The Role of the Nurse Practitioner in Women’s Health
There is a nationwide shortage of nurses, giving students enrolled in nursing programs a variety of specialties to decide between in the field of nursing. Choosing to work as a women’s health practitioner could prove to be a particularly rewarding career decision. Women make up half of the U.S. population. Their health concerns are unique and vary considerably from men’s health needs.
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A Nurse Practitioner’s Role in Women’s Health Care
Women’s health nurse practitioners play an integral part in helping patients sustain health and happiness. The demand for these experts, and the profession itself, is growing quickly because of the current nursing shortage.
What Is a Women’s Health Nurse Practitioner?
A women’s health nurse practitioner is a registered nurse (RN) who has an advanced education and clinical experience in women’s health care. WHNPs can have variable levels of expertise in a number of specialties pertaining to women’s health, including obstetrics, gynecology, urogynecology, gynecologic oncology, infertility and maternal/fetal medicine. They may be employed at primary care facilities, wellness clinics and specialty care clinics in the fields of endocrinology, rheumatology, cardiology and dermatology, among others.
The Growing Demand for WHNPs
Demand for women’s health nurse practitioners is high for numerous reasons. Over half of the U.S. population is comprised of women, and according to research, women tend to utilize health care services more often than men.
The Current Supply of WHNPs
An estimated 12,000 to 15,000 nurses have completed the necessary educational requirements and are now qualified to be women’s health nurse practitioners. Among nurse practitioners who are eligible to work as WHNPs, more than 7,000 have completed national certification.
Median Salaries of Nurse Practitioners
According to research from the Bureau of Labor Statistics, the median yearly income for nurse practitioners was $100,910 in 2016, varying by state. Employment opportunities for nurse practitioners are becoming more available, and demand is projected to increase by 31 percent from 2014 to 2024. This rate of growth is much faster than the average for most other occupations.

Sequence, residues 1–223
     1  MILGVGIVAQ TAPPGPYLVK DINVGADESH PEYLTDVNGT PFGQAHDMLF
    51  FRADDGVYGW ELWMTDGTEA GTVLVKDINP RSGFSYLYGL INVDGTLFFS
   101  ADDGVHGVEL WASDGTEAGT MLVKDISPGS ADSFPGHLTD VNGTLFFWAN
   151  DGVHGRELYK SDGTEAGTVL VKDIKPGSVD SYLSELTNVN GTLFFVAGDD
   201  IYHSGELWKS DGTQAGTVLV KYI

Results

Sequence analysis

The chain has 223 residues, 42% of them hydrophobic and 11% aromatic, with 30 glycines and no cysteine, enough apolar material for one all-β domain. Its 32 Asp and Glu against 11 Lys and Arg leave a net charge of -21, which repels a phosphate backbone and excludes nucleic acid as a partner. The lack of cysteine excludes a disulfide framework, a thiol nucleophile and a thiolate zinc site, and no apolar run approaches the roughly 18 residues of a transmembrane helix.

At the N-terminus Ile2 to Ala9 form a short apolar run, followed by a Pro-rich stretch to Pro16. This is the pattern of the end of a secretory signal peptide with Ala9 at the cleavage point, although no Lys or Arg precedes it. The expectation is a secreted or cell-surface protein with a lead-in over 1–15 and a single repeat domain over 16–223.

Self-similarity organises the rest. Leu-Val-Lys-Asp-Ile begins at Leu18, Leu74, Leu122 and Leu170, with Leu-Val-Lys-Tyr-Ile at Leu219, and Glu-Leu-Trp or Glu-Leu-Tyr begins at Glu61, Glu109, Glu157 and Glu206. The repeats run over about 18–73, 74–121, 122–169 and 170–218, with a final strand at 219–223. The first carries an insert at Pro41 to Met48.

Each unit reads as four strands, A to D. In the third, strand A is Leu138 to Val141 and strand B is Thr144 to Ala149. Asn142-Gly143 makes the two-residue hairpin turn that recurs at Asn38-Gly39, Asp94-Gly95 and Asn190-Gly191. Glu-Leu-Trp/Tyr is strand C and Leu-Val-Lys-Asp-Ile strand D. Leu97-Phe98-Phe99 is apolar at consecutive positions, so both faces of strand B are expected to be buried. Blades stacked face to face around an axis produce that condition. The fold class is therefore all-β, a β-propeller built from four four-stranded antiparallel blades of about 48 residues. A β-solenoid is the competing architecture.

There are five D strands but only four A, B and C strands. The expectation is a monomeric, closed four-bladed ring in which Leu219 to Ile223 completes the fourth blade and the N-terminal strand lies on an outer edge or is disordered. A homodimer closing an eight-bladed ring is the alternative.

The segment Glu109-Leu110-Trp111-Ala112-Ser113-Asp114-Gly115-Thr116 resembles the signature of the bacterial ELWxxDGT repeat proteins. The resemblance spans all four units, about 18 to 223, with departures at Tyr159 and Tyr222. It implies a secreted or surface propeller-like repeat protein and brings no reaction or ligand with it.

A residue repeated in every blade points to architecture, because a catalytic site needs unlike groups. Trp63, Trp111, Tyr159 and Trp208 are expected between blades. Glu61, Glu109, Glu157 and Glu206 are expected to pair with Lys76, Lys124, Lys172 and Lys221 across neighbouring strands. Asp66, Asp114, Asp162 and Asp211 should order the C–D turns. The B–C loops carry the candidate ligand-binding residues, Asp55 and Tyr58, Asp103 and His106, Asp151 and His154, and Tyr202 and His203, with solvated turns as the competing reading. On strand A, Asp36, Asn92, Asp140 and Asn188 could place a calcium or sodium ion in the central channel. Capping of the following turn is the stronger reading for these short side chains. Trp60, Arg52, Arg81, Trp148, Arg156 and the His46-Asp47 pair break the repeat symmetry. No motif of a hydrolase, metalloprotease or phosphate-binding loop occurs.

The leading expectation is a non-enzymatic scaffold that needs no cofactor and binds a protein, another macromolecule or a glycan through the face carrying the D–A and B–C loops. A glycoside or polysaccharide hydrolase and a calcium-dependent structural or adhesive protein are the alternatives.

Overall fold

Women’s health nurse practitioners often decide to train with an emphasis in gynecologic and reproductive health needs. Nurses are the primary providers of bedside care for women and newborn children, and more than 350,000 registered nurses provide health care services to women and infants in the United States.
Research shows that the ability and bedside manner of nurses can have a huge impact on pregnant women, especially for women in adolescence, over the age of 35 or uneducated about pregnancy and other birth-related processes.
The importance of highly trained nurses caring for women in all stages of pregnancy is incredibly significant. Almost half of all pregnancies are unplanned. Approximately 50 percent of women who planned their pregnancy and two-thirds of those who didn’t plan their pregnancy have at least one risk factor. And among all pregnant women, almost one-third do not seek care until their second trimester.
Several of the most prevalent pregnancy risks include anemia, asthma, depression, anxiety, undiagnosed diabetes and nutritional deficiencies in underweight, folate-deficient or obese mothers.
Screening and Preventative Care for Women of all Ages
Nurse practitioners play a crucial role in women’s health promotion and prevention. By screening for sexually transmitted infections (STIs), cancers, depression and domestic abuse, NPs provide essential care to women of all ages.
Women’s health nurse practitioners can provide screenings for an array of health-related issues. These include breast cancer, cervical cancer, diabetes, human papillomavirus infection (HPV) and STIs. WHNPs also check for early signs of Alzheimer’s disease, heart disease and hypertension, and interpersonal and domestic violence.
Overseeing well-woman preventative visits is also under the purview of women’s health nurse practitioners. Most women should strive to make an appointment for a preventative visit at least once a year beginning at the onset of adolescence. Depending on a patient’s age and health concerns, these visits may include breast exams, mammograms, pap tests and pelvic examinations. Questions about menstrual cycles, contraception and STI prevention may be asked during a well-woman preventative visit as well.
As the health care industry is currently in the midst of a nationwide nursing shortage, nurse practitioners are in higher demand than ever. Women tend to use the health care system for preventative and essential care more often than men, making nurse practitioners specializing in women’s care particularly sought after. It is for these reasons that women’s health nurse practitioners play an important and necessary role in maintaining family and societal health.